Re-Enactment Schedule

 (Italicized activities designate battles and public tour opportunities)

Saturday, July 2

9:00 am         Doors open; $30 three-day pass available today only

9:30 am         Siege Tour: "The French Rebuild Fort Niagara 1755-59" - This tour will explore the physical history of the fort during the French and Indian War. The tour will explain military engineering practices of the mid-18th century and how they were employed to defend Fort Niagara.

10:00 am       The Fur Trade: Natives and French traders gather to barter furs for European-made goods.

10:30 am       French Colors Ceremony: The French garrison assembles in front of the French Castle to troop the colors. A small hunting party leaves the fort.

11:00 am       (Battle Demonstration - arrive before 10:30 for shuttle to site) The British Advance: This program explains how the British army got to Fort Niagara and who composed the force. Soon the French hunting party appears and British forces open fire. The French are reinforced and a battle ensues. French forces withdraw to the fort under cover of artillery.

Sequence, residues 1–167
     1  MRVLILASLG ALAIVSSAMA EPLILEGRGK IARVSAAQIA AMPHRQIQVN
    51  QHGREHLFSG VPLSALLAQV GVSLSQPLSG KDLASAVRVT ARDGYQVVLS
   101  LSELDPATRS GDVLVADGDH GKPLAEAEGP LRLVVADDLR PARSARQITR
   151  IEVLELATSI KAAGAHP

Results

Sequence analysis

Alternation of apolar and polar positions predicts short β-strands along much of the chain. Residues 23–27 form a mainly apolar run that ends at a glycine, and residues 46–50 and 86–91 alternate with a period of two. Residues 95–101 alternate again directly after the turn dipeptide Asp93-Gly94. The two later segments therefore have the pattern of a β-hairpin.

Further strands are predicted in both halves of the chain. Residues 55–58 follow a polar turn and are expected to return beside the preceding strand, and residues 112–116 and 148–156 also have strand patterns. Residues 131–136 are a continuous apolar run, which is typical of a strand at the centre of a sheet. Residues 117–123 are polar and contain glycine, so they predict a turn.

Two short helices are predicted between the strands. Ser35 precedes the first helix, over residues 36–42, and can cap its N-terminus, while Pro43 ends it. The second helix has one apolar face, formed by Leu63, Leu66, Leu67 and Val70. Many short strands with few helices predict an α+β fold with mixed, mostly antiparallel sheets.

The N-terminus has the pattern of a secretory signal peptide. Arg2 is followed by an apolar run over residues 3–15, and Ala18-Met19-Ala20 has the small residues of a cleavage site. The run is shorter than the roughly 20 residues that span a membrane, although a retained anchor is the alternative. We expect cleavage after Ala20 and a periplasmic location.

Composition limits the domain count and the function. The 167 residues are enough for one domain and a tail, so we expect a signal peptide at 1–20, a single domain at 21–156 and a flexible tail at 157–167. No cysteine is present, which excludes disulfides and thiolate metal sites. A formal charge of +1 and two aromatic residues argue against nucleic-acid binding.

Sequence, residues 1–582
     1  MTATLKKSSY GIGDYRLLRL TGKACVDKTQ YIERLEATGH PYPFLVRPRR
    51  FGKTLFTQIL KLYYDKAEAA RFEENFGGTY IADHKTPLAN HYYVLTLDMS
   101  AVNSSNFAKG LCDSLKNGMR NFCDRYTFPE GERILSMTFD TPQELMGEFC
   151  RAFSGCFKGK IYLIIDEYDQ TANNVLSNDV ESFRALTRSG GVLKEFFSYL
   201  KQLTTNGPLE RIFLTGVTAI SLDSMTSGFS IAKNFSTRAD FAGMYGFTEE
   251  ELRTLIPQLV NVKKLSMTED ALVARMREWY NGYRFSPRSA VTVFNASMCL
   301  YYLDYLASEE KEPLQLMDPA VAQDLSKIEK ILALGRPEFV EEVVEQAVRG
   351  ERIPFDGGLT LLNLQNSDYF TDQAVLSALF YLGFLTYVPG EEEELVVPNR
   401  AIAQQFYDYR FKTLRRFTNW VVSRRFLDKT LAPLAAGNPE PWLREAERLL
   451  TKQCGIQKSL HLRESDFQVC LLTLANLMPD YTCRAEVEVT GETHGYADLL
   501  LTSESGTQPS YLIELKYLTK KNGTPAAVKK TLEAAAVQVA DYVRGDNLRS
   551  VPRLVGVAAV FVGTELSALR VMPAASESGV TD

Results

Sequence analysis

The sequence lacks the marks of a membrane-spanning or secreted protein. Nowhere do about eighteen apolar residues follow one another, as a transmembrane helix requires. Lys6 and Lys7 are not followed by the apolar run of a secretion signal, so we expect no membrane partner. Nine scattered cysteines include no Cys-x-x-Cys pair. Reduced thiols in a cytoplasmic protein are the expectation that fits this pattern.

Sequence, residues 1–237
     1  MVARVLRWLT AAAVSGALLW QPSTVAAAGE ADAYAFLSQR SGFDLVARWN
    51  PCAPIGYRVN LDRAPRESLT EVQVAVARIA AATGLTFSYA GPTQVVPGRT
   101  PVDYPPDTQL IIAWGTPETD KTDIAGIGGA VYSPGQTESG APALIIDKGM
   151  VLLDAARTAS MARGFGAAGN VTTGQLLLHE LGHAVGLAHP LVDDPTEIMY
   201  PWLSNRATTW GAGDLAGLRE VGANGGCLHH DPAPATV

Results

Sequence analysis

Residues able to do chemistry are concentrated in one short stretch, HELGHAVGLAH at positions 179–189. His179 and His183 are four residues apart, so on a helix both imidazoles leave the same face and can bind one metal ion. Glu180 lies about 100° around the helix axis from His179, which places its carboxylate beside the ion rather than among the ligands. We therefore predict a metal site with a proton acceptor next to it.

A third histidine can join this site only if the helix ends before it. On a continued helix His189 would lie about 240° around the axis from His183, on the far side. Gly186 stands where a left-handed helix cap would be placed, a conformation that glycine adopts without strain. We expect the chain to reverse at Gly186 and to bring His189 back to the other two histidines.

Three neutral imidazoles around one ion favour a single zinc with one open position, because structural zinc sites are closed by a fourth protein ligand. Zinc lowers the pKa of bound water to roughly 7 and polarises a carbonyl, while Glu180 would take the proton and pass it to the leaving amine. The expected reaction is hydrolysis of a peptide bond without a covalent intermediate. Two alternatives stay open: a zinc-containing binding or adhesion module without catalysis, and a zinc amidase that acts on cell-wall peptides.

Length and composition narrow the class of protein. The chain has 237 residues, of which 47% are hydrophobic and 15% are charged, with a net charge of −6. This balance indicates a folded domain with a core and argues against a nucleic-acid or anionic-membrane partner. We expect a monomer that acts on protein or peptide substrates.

11:30 am       The Interrogation: British officers interrogate several French prisoners they took during the previous skirmish.

12:30 pm       Preparing the Fort for Siege: French defenders move trade bales and barrels into the outer works to provide cover. Artillery is also moved into the outer works and French forces conduct a musket and artillery demonstration. This is followed by on ongoing siege demonstration through 4:30 pm.

1:00 pm         Rutherford's Embassy: British Captain Walter Rutherford requests a parley with the French commander, Captain Pierre Pouchot. He is escorted into the fort where he presents a surrender demand.

1:30 pm         Opening the Sap: A British engineer explains how his forces are going to approach the fort by digging trenches toward the post.

2:00 pm         (Battle Demonstration) French Sortie: French forces exit the fort and attack the British trenches.